Friday, November 2, 2018

Before the Rainbow

Copyright © Edward Riojas

Because most of the projects in which I involve myself take great quantities of time, I am often confronted with various aspects of Christianity for long periods – even the most mundane of details. I may spend hours painting the lips of Christ, for example, or spend the same amount of time looking into His eyes. I may labor, with great intimacy, over individual wounds He suffered. I may be forced to look at the pebbly ground on which He walked.

I could argue that I know all this already; that my imagination is enough to know what Scripture has told me. But thinking this way would make me a fool. I know myself well enough to know that I can never look closely enough or long enough at the brutal facts of my condition and the Love that undid it all.

I am now well into a project commissioned by Immanuel Lutheran Church, Hankinson, N.D. The piece is to be a Baptismal triptych that will provide a backdrop for the church’s Baptismal font. The theme is Martin Luther’s ‘Flood Prayer,’ and its words will be an integral part of the painting.

The painting will not only be visually heavy on the Word, but also water. Forget visions, however, of Monet’s placid pond or Seurat’s ‘Sunday Afternoon.’ The water depicted in this piece is none of that. It is awesome and frightful and even scary. It pours down unmercifully. It rises vertically. It is poised with unmistakable power. And it kills.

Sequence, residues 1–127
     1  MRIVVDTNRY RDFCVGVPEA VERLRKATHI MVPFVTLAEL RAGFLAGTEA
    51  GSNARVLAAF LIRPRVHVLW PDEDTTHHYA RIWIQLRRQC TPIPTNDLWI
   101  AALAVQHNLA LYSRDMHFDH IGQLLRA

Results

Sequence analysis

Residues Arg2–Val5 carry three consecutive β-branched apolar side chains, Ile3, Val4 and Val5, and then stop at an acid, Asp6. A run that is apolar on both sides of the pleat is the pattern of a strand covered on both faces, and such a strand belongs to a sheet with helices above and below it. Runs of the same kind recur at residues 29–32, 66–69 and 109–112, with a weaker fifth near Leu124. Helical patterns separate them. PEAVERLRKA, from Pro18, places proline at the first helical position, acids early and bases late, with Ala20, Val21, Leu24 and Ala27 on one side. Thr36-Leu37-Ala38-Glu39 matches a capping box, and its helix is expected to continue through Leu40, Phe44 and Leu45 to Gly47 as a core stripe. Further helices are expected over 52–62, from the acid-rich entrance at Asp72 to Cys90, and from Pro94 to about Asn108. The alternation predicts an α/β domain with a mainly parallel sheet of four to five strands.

Too often have we glossed over reality in preference of an innocent and inoffensive version of the truth. There are probably more cartoon characters of Noah and Mrs. Noah with giraffes, two-by-two, then there are of drowning hoards. Rainbows rule, if only to show God’s mercy. Visions of Divine justice, however, have somehow been eliminated for the “G” crowd.

This triptych will hopefully change that. The sky above the ark is boiling with Divine anger. There is no escape for the subjects of God’s wrathful flood.

So, too, the triptych’s depiction of the crossing of the Red Sea. The waters rise vertically, piling up in wait for the coming Egyptians. We might even feel sorry for Pharaoh’s host, were it not for the hardening of his heart that is so reminiscent of a child’s tantrum – ignoring every bit of undeniably-destructive reality placed before him in favor of his own stubborn folly.

Placed between the flood and the crossing of the Red Sea is a depiction of our Lord’s Baptism in the Jordan River. While the river’s waters may seem gentle enough, they belie what Christ Jesus accomplished in this by fulfilling Scripture. The waters that even Naaman criticized as being less than worthy heap the sin of the world on this Sinless One.

All this is to make us sober in approaching the Baptismal font. In it, the Lord does not simply give us a dedication kiss. He doesn't give a slap on the wrist for offenses with a lick and a promise. Neither does He take us over His knee to rid us of our shame, nor does He give us a good thrashing to rid us of our sin. The saving waters of Holy Baptism kill us. The old Adam, being rotten to the core, is drowned. We are dead as door nails, buried with Christ in His own death. But, we are not left to rot. Thanks be to God, we are raised to a new life in Christ Jesus through His resurrection. And we are made His heirs.

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